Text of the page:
On your bike! UoM hero of engineering Beatrice Shilling celebrated in new documentary
Heritage 23rd June 2017
War hero; pioneering engineer; champion motorcycle racer – these are just a handful of the labels you could apply to Beatrice Shilling. And yet, ask someone on the street if her name rings a bell, and the answer will likely be “no”.
That’s one of the reasons for the new BBC documentary series Invented In The North West; to celebrate unsung inventors. The Beatrice Shilling episode will air today, which just happens to be International Women in Engineering Day – an event that focuses attention on the important work done by the world’s women engineers.
Taking centre stage is the University’s very own hero of engineering Danielle George, who was on hand to present an episode honouring the region’s greatest engineers. Series producer Helen Tither said: “We’re really pleased to have Danielle on board as she’s such an authority in engineering.”
While not many people outside of engineering circles have heard of her, Beatrice Shilling was instrumental in the lives of RAF fighters during the War, and it’s all thanks to a simple but ingenious invention.
Beatrice was one of the first women to enrol on the engineering course at the former Victoria University of Manchester (now The University of Manchester) – in fact, she was one of just two female students studying for an Electrical Engineering degree in 1929. After completing her bachelor’s degree, Beatrice stayed on to study for her Master’s in Mechanical Engineering, and in 1936 she began work at the Royal Aircraft Establishment (RAE).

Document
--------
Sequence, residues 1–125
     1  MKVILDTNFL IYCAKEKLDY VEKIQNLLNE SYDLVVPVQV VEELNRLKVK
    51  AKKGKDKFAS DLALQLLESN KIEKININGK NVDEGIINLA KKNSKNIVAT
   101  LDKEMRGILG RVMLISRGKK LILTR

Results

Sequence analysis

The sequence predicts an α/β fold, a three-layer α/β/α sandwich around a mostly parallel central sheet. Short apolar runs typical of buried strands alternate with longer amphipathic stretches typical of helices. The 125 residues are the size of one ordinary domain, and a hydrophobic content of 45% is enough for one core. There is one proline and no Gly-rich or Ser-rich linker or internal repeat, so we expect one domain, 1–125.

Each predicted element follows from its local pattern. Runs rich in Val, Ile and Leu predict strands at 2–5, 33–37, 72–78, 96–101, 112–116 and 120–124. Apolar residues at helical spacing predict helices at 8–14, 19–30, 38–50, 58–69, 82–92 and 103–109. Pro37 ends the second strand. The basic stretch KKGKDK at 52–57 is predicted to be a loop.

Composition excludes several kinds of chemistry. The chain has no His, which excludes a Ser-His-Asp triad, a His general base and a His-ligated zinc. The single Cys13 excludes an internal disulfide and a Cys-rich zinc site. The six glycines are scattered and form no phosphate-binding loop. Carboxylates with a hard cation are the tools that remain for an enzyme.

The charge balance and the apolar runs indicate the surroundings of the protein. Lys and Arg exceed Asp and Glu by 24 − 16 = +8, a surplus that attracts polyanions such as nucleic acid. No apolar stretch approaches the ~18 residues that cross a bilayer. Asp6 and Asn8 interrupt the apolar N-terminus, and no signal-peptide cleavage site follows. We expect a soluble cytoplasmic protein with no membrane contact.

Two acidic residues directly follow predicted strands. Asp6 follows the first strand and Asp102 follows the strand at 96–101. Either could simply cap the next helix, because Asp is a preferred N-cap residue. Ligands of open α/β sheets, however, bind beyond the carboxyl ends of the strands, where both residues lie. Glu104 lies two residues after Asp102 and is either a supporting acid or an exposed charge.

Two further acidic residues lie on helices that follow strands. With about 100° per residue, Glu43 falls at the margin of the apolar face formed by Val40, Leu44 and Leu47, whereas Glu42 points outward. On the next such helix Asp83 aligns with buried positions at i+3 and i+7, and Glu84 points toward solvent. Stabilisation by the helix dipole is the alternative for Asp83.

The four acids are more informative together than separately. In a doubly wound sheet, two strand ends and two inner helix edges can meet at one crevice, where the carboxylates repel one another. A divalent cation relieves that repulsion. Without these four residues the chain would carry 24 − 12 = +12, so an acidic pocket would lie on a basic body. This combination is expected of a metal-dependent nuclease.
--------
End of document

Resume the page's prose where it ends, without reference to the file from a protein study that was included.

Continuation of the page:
It was while at the RAE that Beatrice and her colleagues were called upon to come up with a solution to a problem experienced by RAF pilots fighting the Luftwaffe. During dogfights, when the Spitfires or Hurricanes used by the RAF pilots were pitched into a hard nosedive, the negative g-force would flood the carburettor of the aircraft’s engine. This caused the engine to stall.
German aircraft did not suffer the same problem due to their modern fuel-injection engines. It was therefore possible for them to evade RAF pilots by pulling these negative g manoeuvres. A solution was needed – and fast.
‘Miss Shilling’s orifice’
And it was Beatrice who came up with one. She invented the ‘RAE restrictor’, also known as ‘Miss Shilling’s orifice’, which was simply a small, circular metal disc with a hole in the middle that could be fitted into the engine’s carburettor. This little disc helped limit the flow of fuel, which stopped the engine from flooding when the plane was sent into a nosedive.
Miss Shilling’s orifice was a success, but Beatrice and her team continued to work on the project to come up with a more long-term solution, which ultimately resulted in the RAE Hobson injection carburettor. In 1947, Beatrice was honoured with an OBE for her work during World War II.
During her down time, Beatrice raced motorcycles – not a typical pursuit for women in the 1930s and 40s. Dr Christine Twigg, from the Faculty of Science and Engineering’s communications team, is herself a biker – as well as a Beatrice Shilling expert. She arrived in style on her Harley Davidson to chat more about Shilling to Professor George for the new documentary – and made quite an entrance into the Quad (as you’ll see from our photos).
Beatrice won’t be the only inventor Danielle George explores in the episode. Other luminaries from the North West to feature are the inventors George Garrett and John B Dancer. Garrett was a pioneer of submarine design, while Dancer invented microphotography – a process that was initially regarded as a novelty but soon became an instrumental part of espionage.
Invented In The North West is part of a national series called Invented In England. Catch it on BBC1 at 7.30pm tonight (23rd June) in the North West.